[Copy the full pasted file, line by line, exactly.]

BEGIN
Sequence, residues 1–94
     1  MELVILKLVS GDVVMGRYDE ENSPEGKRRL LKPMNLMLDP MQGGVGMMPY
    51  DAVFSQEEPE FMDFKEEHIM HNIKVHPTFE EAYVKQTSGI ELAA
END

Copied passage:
Sequence, residues 1–94
     1  MELVILKLVS GDVVMGRYDE ENSPEGKRRL LKPMNLMLDP MQGGVGMMPY
    51  DAVFSQEEPE FMDFKEEHIM HNIKVHPTFE EAYVKQTSGI ELAA